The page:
Baseball legends are recognized at the Baseball Hall of Fame in Cooperstown. Football greats are honored at the Football Hall of Fame in Canton, Ohio. And then there are the iconic athletes who excelled in playing or coaching basketball at yeshiva day schools. They are honored too, in the Yeshiva High School Alumni Basketball Association Hall of Fame, which exists online and in its members’ hearts.
This year’s inductee for excellence in coaching is Teaneck’s own Irwin Robert Kaplan.
Mr. Kaplan, who was born and raised on Manhattan’s Lower East Side of Manhattan, attended the Rabbi Jacob Joseph Elementary and High School. “I was not a great student, or that well behaved, “ he said, but he played basketball there, first on the junior varsity team and then on the championship varsity basketball team. “My parents tolerated me playing sports because they knew where I was,” he said.
Mr. Kaplan graduated RJJ in 1966. City College of New York accepted all applicants then, but his grades were so poor that he had to start in the night school program, as a probationary student. “After my first three test grades were Fs, I decided it was time to grow up and buckle down. I ended up being an honor student,” he said. And it worked. Mr. Kaplan ended up graduating magna cum laude. He also played basketball for two years on the CCNY team.
Mr. Kaplan’s coaching career also began during this time. “When I was 19 the Young Israel of Manhattan, along with the Educational Alliance — one of the first JCCs in America — asked me to run a youth and sports program. When they asked, I looked around and said to myself ‘Me? They want me??? Are they crazy?’” The program grew to include more than 120 kids and his good reputation grew as well. “I really enjoyed directing and coaching basketball,” he said. He was there from 1969 through 1975.
Mr. Kaplan also fell in love with a girl named Ruby Hirschman from Union City. They married in 1971 and moved to Monsey, N.Y. Eventually, they had three children — Ilana, Mordechai, and Daniella. Their two daughters live in Englewood; their son made aliyah.
Ruby went to a meeting for new parents at the Adolf Schreiber Hebrew Academy of Rockland — aka ASHAR. At that meeting, someone said that the school’s new basketball team needed a parent coach. “My wife volunteered me,” Mr. Kaplan said. “I coached for 14 years and loved every minute of it.”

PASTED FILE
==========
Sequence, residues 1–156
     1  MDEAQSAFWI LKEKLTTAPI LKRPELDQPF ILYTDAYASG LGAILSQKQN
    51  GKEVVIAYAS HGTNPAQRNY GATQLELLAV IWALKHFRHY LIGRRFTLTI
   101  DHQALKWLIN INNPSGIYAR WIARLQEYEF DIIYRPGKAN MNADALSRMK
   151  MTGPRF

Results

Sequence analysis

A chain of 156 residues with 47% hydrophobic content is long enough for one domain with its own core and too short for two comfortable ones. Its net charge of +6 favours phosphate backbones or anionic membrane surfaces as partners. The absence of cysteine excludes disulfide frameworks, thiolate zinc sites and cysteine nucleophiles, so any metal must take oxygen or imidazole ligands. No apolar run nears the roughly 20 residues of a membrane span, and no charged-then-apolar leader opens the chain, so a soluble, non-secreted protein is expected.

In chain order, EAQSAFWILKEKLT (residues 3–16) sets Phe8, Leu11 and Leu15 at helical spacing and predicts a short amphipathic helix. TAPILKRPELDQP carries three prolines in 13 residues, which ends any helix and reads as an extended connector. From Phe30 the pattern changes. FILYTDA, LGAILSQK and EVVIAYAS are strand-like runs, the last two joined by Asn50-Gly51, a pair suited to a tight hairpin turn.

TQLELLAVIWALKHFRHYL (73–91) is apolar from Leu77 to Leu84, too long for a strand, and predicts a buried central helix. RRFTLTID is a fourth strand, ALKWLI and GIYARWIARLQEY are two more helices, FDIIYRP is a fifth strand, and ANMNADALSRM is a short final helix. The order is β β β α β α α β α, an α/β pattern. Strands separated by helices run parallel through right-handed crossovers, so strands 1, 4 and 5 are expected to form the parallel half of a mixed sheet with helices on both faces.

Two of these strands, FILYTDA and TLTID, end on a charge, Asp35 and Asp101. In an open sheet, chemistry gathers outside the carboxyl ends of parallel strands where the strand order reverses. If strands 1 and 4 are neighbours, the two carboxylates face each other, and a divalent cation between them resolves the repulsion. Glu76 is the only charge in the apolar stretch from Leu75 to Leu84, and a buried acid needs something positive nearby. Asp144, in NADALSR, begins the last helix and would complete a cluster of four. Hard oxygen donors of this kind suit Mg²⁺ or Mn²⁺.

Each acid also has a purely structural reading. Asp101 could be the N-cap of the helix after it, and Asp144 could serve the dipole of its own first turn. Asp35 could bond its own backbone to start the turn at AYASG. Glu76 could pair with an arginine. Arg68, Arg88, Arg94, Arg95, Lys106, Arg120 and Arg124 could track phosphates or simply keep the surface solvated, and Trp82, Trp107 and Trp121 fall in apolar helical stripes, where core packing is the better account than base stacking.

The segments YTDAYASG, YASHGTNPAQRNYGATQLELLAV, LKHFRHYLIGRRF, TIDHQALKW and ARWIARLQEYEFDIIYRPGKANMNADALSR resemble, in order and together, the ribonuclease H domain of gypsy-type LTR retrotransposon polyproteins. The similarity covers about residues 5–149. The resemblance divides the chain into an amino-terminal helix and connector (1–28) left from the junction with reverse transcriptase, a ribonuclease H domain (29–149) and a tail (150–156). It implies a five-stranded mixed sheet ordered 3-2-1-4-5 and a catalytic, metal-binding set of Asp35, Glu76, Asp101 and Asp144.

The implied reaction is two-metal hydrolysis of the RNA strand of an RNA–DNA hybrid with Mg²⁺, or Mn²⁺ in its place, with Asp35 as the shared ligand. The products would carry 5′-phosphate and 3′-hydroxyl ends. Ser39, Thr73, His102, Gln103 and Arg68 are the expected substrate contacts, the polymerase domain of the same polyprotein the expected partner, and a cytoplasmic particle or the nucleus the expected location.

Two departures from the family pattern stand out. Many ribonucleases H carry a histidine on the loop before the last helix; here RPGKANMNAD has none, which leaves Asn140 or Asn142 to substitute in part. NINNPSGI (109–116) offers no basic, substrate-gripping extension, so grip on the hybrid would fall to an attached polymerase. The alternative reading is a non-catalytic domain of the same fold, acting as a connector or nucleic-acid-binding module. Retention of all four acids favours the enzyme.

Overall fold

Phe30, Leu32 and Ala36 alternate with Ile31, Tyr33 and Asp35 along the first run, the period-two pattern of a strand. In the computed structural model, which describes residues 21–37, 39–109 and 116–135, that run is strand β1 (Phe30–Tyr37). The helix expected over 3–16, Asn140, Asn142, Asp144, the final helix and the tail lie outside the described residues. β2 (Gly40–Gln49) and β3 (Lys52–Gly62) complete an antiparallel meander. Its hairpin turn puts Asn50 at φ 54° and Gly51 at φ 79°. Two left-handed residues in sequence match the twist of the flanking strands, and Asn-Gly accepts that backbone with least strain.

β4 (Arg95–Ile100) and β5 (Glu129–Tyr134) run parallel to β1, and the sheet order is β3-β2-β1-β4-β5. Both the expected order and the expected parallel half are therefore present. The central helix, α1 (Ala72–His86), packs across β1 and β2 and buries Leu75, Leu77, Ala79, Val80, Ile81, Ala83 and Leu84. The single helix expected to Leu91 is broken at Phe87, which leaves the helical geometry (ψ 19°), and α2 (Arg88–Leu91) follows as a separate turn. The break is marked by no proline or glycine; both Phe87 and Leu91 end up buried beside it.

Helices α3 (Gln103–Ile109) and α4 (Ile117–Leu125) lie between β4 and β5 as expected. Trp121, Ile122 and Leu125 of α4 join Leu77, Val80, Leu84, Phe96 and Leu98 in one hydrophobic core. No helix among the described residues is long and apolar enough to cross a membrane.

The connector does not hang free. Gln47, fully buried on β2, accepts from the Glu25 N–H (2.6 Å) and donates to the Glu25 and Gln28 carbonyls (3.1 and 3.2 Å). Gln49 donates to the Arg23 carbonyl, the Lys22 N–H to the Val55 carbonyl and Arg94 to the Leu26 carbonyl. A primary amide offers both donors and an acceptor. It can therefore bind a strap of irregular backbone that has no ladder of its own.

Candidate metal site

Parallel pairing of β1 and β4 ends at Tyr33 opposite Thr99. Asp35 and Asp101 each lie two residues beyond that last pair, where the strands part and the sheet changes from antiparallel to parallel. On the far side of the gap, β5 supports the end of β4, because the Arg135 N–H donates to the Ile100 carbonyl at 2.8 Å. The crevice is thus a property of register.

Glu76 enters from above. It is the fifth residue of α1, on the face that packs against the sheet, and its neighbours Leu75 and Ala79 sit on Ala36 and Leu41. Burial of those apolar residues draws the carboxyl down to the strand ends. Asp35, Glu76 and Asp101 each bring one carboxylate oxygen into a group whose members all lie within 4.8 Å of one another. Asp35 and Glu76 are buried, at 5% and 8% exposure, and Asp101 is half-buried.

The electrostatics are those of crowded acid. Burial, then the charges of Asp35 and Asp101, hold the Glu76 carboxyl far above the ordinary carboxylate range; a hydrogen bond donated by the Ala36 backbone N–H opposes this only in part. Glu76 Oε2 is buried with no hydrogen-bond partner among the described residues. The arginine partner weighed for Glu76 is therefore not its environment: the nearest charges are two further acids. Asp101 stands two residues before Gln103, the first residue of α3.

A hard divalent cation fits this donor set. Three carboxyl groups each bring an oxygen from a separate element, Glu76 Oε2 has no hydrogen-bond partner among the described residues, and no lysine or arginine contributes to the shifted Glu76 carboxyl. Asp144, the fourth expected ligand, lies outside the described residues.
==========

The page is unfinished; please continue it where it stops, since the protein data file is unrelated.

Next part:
Heshy Fromen, who lives in Englewood now, was the captain of Mr. Kaplan’s 1983-84 ASHAR basketball team. Mr. Kaplan was an incredible role model for him and his teammates, Mr. Fromen said. “You are at an impressionable age and Coach Kaplan really helped us become motivated not only in basketball, but in how to be a good team player and a good person.”
The Kaplans moved to Teaneck in 1986 The Frisch School in Paramus asked Mr. Kaplan to coach its boys varsity basketball team, and he was ecstatic. “I could not believe that someone was going to pay me to do something that I loved,” he said.
Stephen Balsam, who lived in Teaneck then and in Florida now, was a member of Mr. Kaplan’s 1988 championship varsity team, which beat Manhattan’s Ramaz School in Madison Square Garden. According to Mr. Balsam, “Coach knew how to get the most out of each and every player. He was supportive and encouraging, and led us to an incredible championship season.”
For 21 years, Mr. Kaplan worked for the Equitable Life Assurance Society. He also owned and operated Camp IBA — the Israel Basketball Academy — from 1994 through 2006. He was the Torah Academy of Bergen County’s athletic director, and he taught both physical education and a business course there for 20 years. One of the many students whose lives Coach Bobby, as they affectionately called him at TABC, was Yehoshua Zirman, who lives in Teaneck and graduated in 2014. “Bobby not only gave me the tools needed to excel on the basketball court, but also the tools to excel in my career and family life,” Mr. Zirman said. “He is a true people person and a legendary basketball coach.”
Mr. Kaplan has written two books about playing basketball and being an all-around good person; “Bball Basic for Kids” came out in 2012 and “Hoopster: Don’t Be A Bully” followed in 2015.
He is getting the award because of the nearly 1,000 games he has coached — his teams won several championships — but that is not what is most important to him. He has coached because, he said, “I just wanted to make a positive dent in kids’ lives.” And it seems that he really has.
The organization that is giving him this award, the YABA, Yeshiva High School Alumni Basketball Association, was the brainchild of four gentleman who love reliving their glory times on the basketball court in high school. They are Ira Bader of Forest Hills, who graduated from Brooklyn Torah Academy in the 1950s; Jeffrey Krantz of Staten Island, who graduated from The Yeshiva of Flatbush in 1972; Andy Weitzen of Manhattan, who graduated from RJJ in the 70s; and Pete Kessel of Staten Island, who graduated from JEC in the 70s. “There are some guys who might not have the best memories about school, but they all have great memories about their team and teammates,” Mr. Krantz said. He also said that at some reunion dinners, “We actually have to ask the guys to leave” — dinner was long over and the waiters wanted to go home — “because some of them haven’t seen in each other in 30 years and they have a lot to catch up on.”
The YABA raises money for many charities, because no one who “works” for the organization gets paid. “We have given to the Houston hurricane relief fund, the Parklawn Chabad in Florida, many charities in Israel, and this year they will be giving to Project Renewal, the organization that matches organ donors with recipients,” Mr. Krantz said. “We want to give back for all that basketball and those memories have given us.”
This year’s dinner will be held on Thursday, May 3, at the Mansion in Lawrence, N.Y.
For more information, email email@example.com or go to YABAUSA.org.